The daily fantasy sports industry has grabbed the attention of the National Conference of State Legislatures, raising the possibility of a more widespread and uniform approach to DFS.
The attention is coming in several different ways:
- A task force that addressed the issue earlier this month.
- A DFS session that will be held at the NCSL’s Capitol Forum next week.
- An article about DFS in the NCSL’s most recent newsletter.
What exactly all of that might mean for the DFS industry in the long term is up for interpretation, but it’s clear that DFS is becoming an issue that more states will at least take a closer look at.
NCSL task force looking at taxation
The Executive Committee Task Force on State and Local Taxation touched on the topic of DFS in a meeting last week, as reported by MultiState Insider.
In the meeting held Nov. 20-21 in Miami, the task force “raised for the first time the tax treatment of fantasy sports,” according to the Insider:
The issue arose this morning in a roundtable session with legislators from approximately 20 states, where they shared tax policy issues they expect to be big in their states in 2016. The legislative and regulatory environment surrounding fantasy sports in several states was discussed and legislators cited recent activity that could serve as potential legislative models.
The story also indicated the subject of DFS will be addressed again in a meeting in January.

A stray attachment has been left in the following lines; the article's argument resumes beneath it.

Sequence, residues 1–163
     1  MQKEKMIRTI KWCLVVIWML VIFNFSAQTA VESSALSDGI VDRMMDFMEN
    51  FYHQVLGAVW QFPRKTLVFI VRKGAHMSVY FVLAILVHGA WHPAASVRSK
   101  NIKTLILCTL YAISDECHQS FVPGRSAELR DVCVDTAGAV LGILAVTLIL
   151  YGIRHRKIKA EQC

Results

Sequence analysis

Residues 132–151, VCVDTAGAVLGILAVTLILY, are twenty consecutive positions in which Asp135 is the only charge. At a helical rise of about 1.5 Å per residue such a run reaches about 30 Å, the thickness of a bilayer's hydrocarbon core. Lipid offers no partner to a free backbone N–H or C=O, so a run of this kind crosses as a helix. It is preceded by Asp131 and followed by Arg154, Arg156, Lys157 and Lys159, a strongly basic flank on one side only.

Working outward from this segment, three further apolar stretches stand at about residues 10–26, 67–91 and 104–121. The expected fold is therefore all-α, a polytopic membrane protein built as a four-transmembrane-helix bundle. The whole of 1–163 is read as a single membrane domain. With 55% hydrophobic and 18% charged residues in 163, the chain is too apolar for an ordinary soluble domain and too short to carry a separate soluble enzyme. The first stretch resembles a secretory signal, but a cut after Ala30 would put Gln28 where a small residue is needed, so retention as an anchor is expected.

DFS on the Capitol Forum agenda
Daily fantasy sports will also be the subject of its own session at next week’s NCSL Capitol Forum, which helps to set the “States’ Agenda” for the organization. Here is how the session is described in the event’s agenda:
Out of Bounds? A Legal Analysis of Pay-to-Play Fantasy Sports: People have been playing traditional fantasy sports for decades, but daily fantasy sport sites have become big business in the U.S. Recently, DraftKings and FanDuel have been accused of “insider trading” and both companies have been named in a new class action lawsuit alleging negligence, fraud and false advertising. Learn more about fantasy sports’ legal standing, the validity of these accusations, and what states can do to regulate this new industry.
- Minnesota state Representative Joe Atkins, who has said he intends to introduce regulatory legislation.
- Nevada Assemblymember Maggie Carlton, whose state earlier this year classified DFS as gambling and required operators to become licensed.
- Fantasy Sports Trade Association lobbyist Jeremy Kudon, of Orrick, Herrington & Sutcliffe.
The moderator of the session is Utah State Senator Curtis Bramble, a state where nearly all DFS sites currently operate; Bramble has no known position on DFS.
What’s all that mean for DFS?
The possible bottom line is twofold:
- Not every state has seen legislators take on the issue of DFS; legislation dealing with the industry has cropped up in about a third of states this year, and only a handful in the past few months. The issue being discussed at an overarching level among state legislators could turn into more bills, and more action at the state level.
- A body like the NCSL considering the topic of DFS could result in a more uniform approach to the DFS industry. Currently, there are several types of bills and potential approaches to DFS operators, from treating them like online gambling sites to instituting basic consumer protections.
The fact that the NCSL is looking into the DFS industry is not a guarantee that DFS will be impacted directly, but it may start shaping how legislators consider and deal with the industry moving forward.